B Movies Anyone?


Em and Jay. The two beekeepers of the plot. Two hives: one on their own plot, against the cemetery fence, shaded by tall trees for most of the day. The other on another plot, the opposite side of the central roadway and down the slope a ways.

Jay is a fellow-member of my reading group. Before discussing the latest book we were, as gardeners will – discussing the state of the world which revolves around bees. She was telling me that, to her surprise their bees, in early May, with plenty of space in which to expand their colony are making queen cells – as if preparing to swarm. Unusual she reckoned.

I am taken by the industriousness of all of the British bees (wasps and ants too for that matter); their social organisation, altruism and their, almost certainly unconscious, interaction with the wider environment as they are chief pollinators for many flowers and crops. At the same time I also cringe at the apparent total lack of individuality that brings about the whole. With honey bees in particular I sometimes need to remind myself that they are wild animals, their general docility and “belonging” to a hive owned by humans is an illusion. They are in fact just doing what wild bees would do and taking part in a relationship that is mutually beneficial.

I always believed that spring was the likeliest and most logical time of year for bees to swarm. My grandfather would often repeat the lines;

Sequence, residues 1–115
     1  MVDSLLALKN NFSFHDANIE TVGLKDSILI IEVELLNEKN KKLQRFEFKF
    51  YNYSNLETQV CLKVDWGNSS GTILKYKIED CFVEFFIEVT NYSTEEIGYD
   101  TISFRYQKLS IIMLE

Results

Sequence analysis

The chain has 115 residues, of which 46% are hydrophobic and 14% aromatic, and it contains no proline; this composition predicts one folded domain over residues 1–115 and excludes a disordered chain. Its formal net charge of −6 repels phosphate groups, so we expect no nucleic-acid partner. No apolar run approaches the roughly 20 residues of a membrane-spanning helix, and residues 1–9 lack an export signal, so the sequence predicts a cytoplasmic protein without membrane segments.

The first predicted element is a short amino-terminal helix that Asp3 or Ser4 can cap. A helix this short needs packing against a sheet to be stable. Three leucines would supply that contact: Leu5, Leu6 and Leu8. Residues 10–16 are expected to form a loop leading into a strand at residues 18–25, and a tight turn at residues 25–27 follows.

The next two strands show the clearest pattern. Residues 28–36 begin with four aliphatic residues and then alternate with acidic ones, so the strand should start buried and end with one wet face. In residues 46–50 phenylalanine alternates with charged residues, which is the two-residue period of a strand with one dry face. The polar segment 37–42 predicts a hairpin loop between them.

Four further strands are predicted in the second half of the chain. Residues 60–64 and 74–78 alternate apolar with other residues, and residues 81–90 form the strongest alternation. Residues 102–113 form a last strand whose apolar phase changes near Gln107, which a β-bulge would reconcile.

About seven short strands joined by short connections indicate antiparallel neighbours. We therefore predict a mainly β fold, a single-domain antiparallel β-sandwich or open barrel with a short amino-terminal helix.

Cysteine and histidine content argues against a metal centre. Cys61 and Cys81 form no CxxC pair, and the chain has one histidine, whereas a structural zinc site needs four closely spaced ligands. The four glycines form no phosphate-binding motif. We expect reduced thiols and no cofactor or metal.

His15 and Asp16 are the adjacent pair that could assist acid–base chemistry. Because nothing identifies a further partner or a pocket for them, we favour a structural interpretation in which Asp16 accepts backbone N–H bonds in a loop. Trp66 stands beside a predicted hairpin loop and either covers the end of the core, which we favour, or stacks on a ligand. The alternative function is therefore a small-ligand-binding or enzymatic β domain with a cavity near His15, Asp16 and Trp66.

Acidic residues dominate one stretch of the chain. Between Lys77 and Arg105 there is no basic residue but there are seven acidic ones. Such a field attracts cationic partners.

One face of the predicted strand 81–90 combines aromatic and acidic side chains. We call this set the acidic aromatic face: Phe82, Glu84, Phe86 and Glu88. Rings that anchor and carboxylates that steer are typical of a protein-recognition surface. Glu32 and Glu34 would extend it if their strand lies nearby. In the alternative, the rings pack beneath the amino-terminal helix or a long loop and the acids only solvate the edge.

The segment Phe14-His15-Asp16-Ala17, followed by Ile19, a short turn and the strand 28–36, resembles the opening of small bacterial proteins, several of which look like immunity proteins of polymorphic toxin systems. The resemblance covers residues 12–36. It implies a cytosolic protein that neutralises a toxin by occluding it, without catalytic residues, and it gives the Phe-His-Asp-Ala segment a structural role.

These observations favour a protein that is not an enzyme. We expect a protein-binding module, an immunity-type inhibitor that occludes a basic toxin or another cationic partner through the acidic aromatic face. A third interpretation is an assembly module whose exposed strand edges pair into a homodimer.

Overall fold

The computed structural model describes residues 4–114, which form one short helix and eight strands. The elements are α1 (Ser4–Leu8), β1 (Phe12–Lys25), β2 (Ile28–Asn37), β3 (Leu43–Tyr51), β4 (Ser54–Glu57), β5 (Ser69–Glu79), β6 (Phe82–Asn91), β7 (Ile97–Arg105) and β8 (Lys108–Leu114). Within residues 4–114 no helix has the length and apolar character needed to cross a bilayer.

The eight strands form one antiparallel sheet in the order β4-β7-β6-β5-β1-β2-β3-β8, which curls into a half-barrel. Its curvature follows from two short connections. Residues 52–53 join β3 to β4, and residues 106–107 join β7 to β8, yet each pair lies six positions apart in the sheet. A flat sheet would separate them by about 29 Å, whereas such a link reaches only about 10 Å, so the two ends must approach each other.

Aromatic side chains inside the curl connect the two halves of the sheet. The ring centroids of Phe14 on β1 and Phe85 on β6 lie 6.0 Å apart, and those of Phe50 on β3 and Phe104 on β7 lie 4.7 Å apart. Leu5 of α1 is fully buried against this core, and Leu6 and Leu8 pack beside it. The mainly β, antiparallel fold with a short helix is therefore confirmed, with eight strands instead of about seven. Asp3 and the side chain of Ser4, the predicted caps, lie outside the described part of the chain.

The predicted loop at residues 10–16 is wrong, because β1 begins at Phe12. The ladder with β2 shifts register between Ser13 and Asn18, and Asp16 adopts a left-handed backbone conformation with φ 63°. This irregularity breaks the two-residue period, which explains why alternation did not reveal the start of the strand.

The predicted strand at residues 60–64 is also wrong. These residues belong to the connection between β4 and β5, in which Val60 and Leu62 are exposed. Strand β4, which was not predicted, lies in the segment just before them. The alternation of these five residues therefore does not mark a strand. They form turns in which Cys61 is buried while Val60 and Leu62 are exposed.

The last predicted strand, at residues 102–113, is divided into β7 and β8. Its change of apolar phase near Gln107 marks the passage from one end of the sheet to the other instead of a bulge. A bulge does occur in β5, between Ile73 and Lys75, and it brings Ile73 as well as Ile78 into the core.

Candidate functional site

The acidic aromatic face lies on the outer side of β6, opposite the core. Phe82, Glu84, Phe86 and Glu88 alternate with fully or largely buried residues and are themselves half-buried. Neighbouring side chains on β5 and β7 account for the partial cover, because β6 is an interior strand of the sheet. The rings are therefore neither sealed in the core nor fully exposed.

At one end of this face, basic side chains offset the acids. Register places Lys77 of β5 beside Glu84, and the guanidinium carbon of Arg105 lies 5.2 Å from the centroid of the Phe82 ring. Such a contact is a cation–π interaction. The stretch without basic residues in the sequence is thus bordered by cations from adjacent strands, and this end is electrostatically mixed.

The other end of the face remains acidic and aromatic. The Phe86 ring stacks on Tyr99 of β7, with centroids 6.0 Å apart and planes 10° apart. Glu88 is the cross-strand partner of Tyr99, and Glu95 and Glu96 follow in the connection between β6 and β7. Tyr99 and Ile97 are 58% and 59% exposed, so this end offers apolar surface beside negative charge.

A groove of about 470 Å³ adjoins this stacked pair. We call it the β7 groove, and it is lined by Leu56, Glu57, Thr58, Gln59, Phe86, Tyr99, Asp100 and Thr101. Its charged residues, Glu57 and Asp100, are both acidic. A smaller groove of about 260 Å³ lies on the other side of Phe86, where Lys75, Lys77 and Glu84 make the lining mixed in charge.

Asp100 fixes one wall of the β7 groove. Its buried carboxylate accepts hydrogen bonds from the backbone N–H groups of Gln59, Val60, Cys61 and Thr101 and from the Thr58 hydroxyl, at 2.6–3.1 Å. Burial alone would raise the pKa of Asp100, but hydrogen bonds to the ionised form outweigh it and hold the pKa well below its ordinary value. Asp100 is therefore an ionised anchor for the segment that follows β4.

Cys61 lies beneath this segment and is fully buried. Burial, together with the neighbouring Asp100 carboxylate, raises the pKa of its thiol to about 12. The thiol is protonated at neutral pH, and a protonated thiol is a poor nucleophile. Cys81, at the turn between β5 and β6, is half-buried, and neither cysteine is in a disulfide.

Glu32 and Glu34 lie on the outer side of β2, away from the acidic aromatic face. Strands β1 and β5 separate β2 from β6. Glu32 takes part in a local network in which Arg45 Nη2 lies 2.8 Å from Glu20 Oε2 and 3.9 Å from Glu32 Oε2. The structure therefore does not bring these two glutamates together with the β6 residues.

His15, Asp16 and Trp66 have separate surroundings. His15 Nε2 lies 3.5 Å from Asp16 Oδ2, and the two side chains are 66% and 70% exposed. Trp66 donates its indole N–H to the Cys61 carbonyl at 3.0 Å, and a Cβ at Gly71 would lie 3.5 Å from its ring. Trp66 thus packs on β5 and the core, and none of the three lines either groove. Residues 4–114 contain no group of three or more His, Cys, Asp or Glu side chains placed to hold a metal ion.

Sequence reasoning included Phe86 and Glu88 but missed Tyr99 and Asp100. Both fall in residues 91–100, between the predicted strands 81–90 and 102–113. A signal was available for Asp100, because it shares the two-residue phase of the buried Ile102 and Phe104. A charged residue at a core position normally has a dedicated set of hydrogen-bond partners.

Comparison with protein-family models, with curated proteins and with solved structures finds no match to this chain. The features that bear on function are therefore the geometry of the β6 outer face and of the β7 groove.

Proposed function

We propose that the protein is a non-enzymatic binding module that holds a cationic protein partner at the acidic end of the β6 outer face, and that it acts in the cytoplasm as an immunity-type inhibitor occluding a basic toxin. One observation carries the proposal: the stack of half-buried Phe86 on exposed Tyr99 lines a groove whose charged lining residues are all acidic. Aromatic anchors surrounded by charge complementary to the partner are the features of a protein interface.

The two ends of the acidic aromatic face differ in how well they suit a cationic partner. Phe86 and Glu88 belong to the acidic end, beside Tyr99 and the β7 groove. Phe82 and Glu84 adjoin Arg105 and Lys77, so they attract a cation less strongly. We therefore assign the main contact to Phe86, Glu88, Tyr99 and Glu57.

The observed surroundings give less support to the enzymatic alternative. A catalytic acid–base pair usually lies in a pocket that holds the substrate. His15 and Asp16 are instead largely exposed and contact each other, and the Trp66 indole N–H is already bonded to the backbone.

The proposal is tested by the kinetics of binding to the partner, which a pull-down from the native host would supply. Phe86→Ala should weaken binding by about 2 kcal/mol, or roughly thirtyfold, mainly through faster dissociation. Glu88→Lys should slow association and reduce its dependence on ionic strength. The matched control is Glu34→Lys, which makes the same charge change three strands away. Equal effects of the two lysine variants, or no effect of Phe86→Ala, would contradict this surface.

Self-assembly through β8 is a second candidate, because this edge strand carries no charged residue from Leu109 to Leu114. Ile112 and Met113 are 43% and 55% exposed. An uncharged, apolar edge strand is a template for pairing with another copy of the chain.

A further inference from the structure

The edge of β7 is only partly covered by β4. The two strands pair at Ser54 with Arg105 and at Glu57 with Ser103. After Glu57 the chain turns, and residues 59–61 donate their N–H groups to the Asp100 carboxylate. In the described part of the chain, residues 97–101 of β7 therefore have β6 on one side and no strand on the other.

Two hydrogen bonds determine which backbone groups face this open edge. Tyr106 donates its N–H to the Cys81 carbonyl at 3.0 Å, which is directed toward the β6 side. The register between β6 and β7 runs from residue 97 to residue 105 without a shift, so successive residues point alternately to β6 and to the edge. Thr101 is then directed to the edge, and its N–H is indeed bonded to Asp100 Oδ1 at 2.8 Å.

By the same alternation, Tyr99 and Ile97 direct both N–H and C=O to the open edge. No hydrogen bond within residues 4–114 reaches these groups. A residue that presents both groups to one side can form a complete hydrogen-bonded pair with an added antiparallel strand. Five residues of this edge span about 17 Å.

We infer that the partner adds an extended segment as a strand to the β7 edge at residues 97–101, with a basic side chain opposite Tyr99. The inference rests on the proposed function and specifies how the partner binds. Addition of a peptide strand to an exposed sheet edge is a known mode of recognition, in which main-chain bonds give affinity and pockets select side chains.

“A swarm in May

Be worth a load of hay,

But a swarm in June

Is worth a silver spoon

And a swarm in July

Not worth a fly.*”

Then we noticed that the steady stream of bees stopping to drink in our “wildlife ponds” has ceased completely. And a man working on a neighbouring plot was forced to make a sharp exit because of the aggressive nature of the colony. (We actually wonder as he is new to this plot whether he actually knew the hive was there; maybe his own behaviour because of his innocent ignorance disturbed the bees.) I have, however witnessed my family being attacked by honey bees and know that it is no laughing matter. We all believe that these particular bees were seeking to protect their colony (although no real threat was offered) but the attack was real and sustained with, quite literally, dozens of painful stings being delivered. The pain went on for some days. Bees sting differently – and for different reasons to wasps; the bee will die shortly after stinging. This doesn’t make the sting any easier to take.

Then yesterday I noticed both Em and jay busy with the second hive. Looking like the mysterious figures from a 1950s B movie (see what I did there?) they slo-mo about the paths, bending, pointing carefully. Recognisable only because I know them. Otherwise, somewhat alarming in the pristine whitenss of their alien/NBC suit uniforms. At a distance Sailor Dee and I wonder exactly what has been happening. Is everything OK/ Is this a routine maintenance visit?


Have the bees  swarmed?  Neither of us has any idea, but an untidily written paper on just one of the site’s rather flimsy new notice boards has their ‘phone number – in case of swarms. Note to committee:

[Will new plotholders know about the hives on site?  And which plots they are actually on? And, hey shouldn’t that notice be better written and on all notice boards?]

For more interesting and technical information take a trip to


or for more general interest



2 responses to this post.

  1. Love the play on words. B movies… lol! I’ve seen or heard the rhyme somewhere before. My sister has a couple of bee hives. It has not been a good year for them. She’s had to burn two hives due to some kind of moth invasion.


    • Sorry to hear about your sisters hives.
      Essentially the rhyme, as you’ve almost certainly guessed – means that swarms taken on by beekeepers later in the year do not produce honey but need a lot of input for the colder seasons.


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